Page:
In SOFIE's mobile gaming pilot, the main areas of exploration are distributed ledger technologies and IoT in the context of mobile gaming. When thinking about all the millions of IoT devices today broadcasting signals, how could mobile games utilize that? Think about devices that are fixed to physical locations, such as Wifi routers, temperature and moisture meters.
One application that comes to mind is utilizing these devices in location-based gaming for positioning players. When used instead of or in addition to GPS, indoor positioning accuracy is improved (especially altitude). In addition, thanks to ephemeral identities (a protocol type that broadcasting devices may use) it is harder to lie about your real-world location. This adds verifiability to positioning, which is important in competitive games.
Scenario: IoT games build on a distributed business platform
In this use case of our mobile gaming pilot, we imagine a hypothetical scenario where existing IoT devices are used for positioning players. An economy emerges with different actors, provoking a thought that such an economy could receive benefits if built on a distributed business platform. The main actors involved in such a platform would be:
● Players who play location-based games, visit real world locations, and earn rewards. If rewards have real monetary value, players can trade these rewards on a marketplace.
● Points of Interest (POI) are businesses with real world locations who choose to act as places to visit in games. These companies can also design the challenges for players and create rewards. For instance, if a cafe designs a challenge that ends at their shop, they may also give the player a discount voucher to their shop as a reward, which the player can also sell (a non-fungible token on the blockchain).
● IoT device holders are people and businesses who own stationary broadcasting devices used primarily for other purposes. These actors may be the same as POIs, but not always. As a reward, IoT device holders would receive automatic micropayments through smart contracts on the blockchain as their devices are used also in games.
● Game developers create different games that use the same domain of already deployed IoT devices. Some games may also choose to cooperate and design some virtual items and rewards in such a way that players can use them in both games. In such a case these items could be stored on a blockchain, outside both of the games.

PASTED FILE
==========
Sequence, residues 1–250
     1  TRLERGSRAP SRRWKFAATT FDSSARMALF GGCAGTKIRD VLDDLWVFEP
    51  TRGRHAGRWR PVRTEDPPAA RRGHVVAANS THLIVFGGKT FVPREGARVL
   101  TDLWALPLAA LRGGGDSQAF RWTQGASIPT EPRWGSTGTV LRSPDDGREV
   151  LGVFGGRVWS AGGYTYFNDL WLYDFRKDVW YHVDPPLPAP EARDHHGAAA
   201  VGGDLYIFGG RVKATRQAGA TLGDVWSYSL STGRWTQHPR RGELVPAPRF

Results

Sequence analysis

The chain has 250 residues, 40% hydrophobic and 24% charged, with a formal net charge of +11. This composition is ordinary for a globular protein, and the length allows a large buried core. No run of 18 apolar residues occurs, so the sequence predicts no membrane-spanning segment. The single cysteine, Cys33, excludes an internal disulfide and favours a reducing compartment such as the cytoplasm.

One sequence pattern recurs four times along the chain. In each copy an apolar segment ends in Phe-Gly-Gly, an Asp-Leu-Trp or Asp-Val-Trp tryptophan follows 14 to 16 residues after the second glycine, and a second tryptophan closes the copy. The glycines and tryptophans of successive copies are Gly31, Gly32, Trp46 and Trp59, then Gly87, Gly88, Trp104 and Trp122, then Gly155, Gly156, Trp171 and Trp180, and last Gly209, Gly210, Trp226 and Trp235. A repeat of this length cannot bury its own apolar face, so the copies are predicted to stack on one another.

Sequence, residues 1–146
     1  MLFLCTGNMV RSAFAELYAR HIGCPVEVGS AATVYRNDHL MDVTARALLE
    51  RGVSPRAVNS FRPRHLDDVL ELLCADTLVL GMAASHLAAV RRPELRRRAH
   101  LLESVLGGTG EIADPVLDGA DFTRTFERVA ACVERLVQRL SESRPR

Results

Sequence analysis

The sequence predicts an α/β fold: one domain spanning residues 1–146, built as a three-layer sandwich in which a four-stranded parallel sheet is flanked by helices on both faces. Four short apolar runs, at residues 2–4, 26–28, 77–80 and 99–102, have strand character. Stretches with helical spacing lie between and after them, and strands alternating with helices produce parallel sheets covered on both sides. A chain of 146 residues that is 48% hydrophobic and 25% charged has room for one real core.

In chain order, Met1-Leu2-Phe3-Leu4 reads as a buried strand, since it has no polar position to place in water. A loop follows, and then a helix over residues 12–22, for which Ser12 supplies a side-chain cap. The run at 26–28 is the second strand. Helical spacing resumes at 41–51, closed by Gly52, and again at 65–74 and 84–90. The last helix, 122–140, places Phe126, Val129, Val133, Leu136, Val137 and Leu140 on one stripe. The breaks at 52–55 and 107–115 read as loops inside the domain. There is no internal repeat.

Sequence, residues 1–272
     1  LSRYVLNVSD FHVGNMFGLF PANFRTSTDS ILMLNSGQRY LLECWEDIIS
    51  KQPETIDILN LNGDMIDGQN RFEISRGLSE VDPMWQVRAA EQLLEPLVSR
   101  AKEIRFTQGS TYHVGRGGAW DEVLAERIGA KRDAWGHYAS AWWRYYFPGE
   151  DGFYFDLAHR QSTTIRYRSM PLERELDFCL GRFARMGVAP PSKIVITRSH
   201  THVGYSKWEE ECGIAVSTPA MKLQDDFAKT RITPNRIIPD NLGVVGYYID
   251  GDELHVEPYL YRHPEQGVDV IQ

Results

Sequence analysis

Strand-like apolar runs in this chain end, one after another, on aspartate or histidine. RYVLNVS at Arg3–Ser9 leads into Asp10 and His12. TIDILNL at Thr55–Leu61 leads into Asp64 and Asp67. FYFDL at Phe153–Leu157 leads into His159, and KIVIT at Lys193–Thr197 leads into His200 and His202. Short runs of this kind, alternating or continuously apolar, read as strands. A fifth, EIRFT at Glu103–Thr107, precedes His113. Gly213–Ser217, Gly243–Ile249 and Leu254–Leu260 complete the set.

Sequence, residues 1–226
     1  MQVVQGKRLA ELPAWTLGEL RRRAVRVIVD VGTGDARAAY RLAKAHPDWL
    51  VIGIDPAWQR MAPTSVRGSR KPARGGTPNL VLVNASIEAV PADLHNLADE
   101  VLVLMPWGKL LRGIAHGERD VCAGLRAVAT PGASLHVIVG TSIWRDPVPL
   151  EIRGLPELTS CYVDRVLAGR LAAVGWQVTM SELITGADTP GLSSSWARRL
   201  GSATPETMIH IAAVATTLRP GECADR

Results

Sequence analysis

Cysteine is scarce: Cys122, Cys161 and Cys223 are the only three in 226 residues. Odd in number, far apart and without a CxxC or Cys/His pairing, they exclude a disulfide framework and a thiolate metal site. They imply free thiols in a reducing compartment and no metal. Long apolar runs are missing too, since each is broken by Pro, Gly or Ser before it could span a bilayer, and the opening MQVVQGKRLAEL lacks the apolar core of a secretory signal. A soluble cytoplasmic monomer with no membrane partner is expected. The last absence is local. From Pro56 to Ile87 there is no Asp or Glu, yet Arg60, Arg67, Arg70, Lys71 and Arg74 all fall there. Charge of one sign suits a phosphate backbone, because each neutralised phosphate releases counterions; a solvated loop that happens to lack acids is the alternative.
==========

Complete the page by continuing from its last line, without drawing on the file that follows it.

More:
● Advertisers show ads to players, who potentially receive rewards for watching them.
When no single company maintains such a business platform, it becomes worthwhile to research if distributed ledger technologies could provide the trust required between the different actors.
Scavenger Hunt game prototype
To test this idea and learn along the way about how to make a game that uses blockchain for specific features, we created a simple Scavenger Hunt game prototype. It is an example of a game that could exist on a business platform like the one mentioned above.
In the game, the player visits real-world locations solving clues and tasks. As they start the game, they can browse for nearby hunts, seeing their difficulties and rewards. Inside a hunt the player sees a clue on where to go next, and once the player is in the correct physical location, they will attempt to answer the question correctly by observing their surroundings. After the player solves all the tasks in a hunt, they receive rewards.
Architecture of the game
The mobile game client was made with Unity3D, and it detects the IDs of sensed nearby beacons that define the correct locations. When in the correct location, the task is provided by the game server.
The game server communicates with a managed blockchain - an implementation of Hyperledger Fabric on AWS. When a player starts a hunt, the rewards are moved from the hunt’s address to an escrow, and when the player completes the hunt, the rewards are moved from the escrow to the player’s address. The Scavenger Hunt is not a game prototype that runs a blockchain. Rather, it uses blockchain for specific features where DLT might bring benefits. That’s why we’re using a game server almost all of the game logic.
As for trading assets, that’s where public Ethereum comes in. The idea is to use the SOFIE interledger component to link these two blockchains together. Trading (e.g. transferring ownership of game items earned as rewards from hunts and advertisers) would happen on a public blockchain, and other transactions that do not need to be public would happen on Hyperledger Fabric. The Hyperledger Fabric blockchain is permissioned and serves all other actors than the players. It is for example where the micropayments for IoT devices would happen. It also allows for the possibility for new games to join and use the same business platform.
We identify and test use cases in an iterative manner - an inherent way of working in the games industry. This is our first test architecture that uses blockchain in gaming, and we’re keen on learning further how it can be improved.
Disclaimer: This prototype is not a commercial product we’re working on, but an experiment to test new technologies.